Native Trees of the Midwest is a definitive guide to identifying trees in Indiana and surrounding states, written by three leading forestry experts. Descriptive text explains how to identify every species in any season and color photographs show all important characteristics. Not only does the book allow the user to identify trees and learn of their ecological and distributional attributes, but it also presents an evaluation of each species relative to its potential ornamental value for those interested in landscaping. Since tree species have diverse values to wildlife, an evaluation of wildlife uses is presented with a degree of detail available nowhere else. The revised and expanded second edition contains a chapter on introduced species that have become naturalized and invasive throughout the region. All accounts have been reviewed and modifications made when necessary to reflect changes in taxonomy, status, or wildlife uses. Keys have been modified to incorporate introduced species.   An interview with the authors is available on YouTube.
Purdue University has played a leading role in providing the engineers who designed, built, tested, and flew the many aircraft and spacecraft that so changed human progress during the 20th century. It is estimated that Purdue has awarded 6% of all BS degrees in aerospace engineering, and 7% of all PhDs in the United States during the past 65 years. The University’s alumni have led significant advances in research and devel­opment of aerospace technology, have headed major aerospace corporations and government agencies, and have established an amazing record for exploration of space. More than one third of all US manned space flights have had at least one crew member who was a Purdue engineering grad­uate (including the first and last men to step foot on the moon). The School of Aeronautics & Astronautics was founded as a separate school within the College of Engineering at Purdue University in 1945. The first edition of this book was published in 1995, at the time of the School’s 50th anniversary. This corrected and expanded second edition brings the School’s illustrious history up-to-date, and looks to Purdue’s future in the sky and in space.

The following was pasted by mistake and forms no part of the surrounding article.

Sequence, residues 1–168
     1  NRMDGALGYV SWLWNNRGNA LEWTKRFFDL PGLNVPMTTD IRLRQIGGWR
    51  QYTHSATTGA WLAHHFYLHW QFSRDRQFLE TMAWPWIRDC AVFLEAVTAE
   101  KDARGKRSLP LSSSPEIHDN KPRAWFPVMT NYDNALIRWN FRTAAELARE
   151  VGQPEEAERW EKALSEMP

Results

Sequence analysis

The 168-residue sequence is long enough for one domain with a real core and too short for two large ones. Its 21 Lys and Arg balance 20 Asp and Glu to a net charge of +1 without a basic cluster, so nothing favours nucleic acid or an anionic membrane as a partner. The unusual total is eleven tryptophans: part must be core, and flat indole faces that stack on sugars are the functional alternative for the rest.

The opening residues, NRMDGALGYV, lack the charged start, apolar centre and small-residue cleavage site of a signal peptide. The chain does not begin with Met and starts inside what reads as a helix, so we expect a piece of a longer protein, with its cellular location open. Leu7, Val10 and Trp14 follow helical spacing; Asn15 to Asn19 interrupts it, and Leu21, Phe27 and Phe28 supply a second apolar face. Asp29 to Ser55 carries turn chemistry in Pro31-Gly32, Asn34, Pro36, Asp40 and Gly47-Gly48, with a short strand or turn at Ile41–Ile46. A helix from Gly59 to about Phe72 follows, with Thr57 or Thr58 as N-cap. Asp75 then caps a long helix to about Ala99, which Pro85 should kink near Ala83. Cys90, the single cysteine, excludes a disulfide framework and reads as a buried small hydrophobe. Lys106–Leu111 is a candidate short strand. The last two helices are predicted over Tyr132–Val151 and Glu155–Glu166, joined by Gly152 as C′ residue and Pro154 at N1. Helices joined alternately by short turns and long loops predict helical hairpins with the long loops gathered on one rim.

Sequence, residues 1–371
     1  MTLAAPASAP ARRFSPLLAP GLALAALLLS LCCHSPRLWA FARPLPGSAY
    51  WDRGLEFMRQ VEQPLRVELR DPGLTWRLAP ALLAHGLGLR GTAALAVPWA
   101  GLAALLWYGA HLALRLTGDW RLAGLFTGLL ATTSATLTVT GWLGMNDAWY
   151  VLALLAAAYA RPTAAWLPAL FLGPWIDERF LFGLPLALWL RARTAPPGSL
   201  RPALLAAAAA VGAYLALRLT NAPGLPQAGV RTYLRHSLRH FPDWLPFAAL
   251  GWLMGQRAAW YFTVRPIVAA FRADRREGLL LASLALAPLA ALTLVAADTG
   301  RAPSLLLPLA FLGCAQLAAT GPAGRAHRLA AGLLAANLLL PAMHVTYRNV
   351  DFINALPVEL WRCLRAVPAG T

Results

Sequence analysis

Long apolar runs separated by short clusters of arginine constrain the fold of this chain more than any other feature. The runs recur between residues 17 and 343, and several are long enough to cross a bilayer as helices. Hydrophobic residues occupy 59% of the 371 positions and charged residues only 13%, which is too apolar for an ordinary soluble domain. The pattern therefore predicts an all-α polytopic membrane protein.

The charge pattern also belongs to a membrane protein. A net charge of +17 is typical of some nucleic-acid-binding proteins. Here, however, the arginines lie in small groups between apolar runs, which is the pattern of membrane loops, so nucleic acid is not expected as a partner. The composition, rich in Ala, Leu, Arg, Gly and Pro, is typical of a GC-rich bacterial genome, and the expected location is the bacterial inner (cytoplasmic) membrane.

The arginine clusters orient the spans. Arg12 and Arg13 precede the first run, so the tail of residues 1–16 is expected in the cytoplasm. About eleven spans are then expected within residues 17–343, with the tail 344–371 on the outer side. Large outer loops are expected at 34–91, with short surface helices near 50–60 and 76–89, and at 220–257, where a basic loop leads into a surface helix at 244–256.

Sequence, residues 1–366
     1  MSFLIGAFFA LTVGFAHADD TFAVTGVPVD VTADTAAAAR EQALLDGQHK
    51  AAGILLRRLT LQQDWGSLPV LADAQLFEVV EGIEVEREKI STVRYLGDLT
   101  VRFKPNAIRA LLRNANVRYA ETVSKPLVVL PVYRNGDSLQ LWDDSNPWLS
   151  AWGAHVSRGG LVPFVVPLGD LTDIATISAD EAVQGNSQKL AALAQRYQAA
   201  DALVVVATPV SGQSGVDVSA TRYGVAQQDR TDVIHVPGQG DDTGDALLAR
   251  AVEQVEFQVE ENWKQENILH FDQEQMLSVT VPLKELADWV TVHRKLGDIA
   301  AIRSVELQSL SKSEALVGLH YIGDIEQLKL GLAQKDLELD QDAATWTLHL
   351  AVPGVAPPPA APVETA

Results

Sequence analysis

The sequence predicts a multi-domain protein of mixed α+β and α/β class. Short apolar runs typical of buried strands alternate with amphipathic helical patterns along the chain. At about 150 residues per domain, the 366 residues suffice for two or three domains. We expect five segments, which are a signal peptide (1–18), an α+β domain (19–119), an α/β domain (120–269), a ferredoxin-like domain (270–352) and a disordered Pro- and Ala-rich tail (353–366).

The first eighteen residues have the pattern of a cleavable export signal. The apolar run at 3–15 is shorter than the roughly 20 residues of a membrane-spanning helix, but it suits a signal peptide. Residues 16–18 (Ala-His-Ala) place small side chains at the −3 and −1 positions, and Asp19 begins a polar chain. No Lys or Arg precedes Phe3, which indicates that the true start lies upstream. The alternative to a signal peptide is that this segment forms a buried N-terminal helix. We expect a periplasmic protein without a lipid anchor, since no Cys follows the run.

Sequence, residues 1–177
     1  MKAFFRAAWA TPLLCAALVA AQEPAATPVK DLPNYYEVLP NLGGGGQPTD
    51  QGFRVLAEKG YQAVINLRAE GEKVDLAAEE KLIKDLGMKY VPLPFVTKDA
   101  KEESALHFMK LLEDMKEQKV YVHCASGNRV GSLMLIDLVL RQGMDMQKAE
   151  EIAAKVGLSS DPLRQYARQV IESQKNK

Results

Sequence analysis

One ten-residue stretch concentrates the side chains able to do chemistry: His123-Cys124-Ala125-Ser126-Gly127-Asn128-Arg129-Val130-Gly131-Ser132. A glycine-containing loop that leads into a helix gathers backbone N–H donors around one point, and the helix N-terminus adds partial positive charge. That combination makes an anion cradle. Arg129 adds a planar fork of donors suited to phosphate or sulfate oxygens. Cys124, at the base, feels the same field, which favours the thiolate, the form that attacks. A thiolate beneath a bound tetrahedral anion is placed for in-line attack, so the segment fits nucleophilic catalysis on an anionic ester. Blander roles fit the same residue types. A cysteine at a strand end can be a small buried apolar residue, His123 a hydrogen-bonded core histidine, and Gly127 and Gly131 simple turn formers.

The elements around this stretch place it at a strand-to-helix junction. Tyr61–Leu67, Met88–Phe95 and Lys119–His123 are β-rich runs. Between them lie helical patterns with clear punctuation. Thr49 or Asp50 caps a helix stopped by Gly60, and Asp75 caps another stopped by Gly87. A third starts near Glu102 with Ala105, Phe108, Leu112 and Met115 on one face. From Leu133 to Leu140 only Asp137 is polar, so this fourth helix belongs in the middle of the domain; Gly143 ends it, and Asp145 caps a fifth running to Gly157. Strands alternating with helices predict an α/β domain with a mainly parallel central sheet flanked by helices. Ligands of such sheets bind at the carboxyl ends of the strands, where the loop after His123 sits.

Photographing Turkey Run: A Guide to Nature Photography was written to be used in conjunction with Daniel P. Shepardson’s A Place Called Turkey Run: A Celebration of Indiana’s Second State Park in Photographs and Words. This guide contains tips and techniques designed to provide a basic understanding of how to photograph nature and improve one’s photography skills.